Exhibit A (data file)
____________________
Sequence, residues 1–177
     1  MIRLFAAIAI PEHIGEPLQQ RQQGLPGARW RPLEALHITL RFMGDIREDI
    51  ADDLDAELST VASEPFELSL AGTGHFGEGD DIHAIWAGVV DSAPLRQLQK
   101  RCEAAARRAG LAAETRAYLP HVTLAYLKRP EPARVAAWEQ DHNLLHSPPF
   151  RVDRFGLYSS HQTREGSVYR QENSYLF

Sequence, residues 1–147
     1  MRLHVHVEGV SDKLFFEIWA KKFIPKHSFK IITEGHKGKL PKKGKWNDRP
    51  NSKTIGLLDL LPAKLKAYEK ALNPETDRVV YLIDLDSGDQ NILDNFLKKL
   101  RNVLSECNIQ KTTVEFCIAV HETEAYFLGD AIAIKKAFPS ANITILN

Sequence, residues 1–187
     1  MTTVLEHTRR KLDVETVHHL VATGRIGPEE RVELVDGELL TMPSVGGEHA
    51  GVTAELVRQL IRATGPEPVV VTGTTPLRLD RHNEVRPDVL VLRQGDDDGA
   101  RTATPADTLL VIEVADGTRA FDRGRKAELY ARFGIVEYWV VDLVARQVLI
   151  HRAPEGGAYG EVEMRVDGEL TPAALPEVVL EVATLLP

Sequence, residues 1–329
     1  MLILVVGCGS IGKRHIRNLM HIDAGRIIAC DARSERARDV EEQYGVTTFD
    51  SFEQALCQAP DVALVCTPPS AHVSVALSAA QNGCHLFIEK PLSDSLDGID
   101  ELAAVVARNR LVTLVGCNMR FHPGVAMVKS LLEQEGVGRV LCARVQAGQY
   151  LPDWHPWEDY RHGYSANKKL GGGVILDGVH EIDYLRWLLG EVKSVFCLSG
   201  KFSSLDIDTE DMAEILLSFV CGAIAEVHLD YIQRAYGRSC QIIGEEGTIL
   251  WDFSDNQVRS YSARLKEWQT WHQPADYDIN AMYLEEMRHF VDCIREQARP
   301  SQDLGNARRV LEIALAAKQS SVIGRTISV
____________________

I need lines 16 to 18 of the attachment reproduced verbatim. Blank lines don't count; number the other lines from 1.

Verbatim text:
     1  MLILVVGCGS IGKRHIRNLM HIDAGRIIAC DARSERARDV EEQYGVTTFD
    51  SFEQALCQAP DVALVCTPPS AHVSVALSAA QNGCHLFIEK PLSDSLDGID
   101  ELAAVVARNR LVTLVGCNMR FHPGVAMVKS LLEQEGVGRV LCARVQAGQY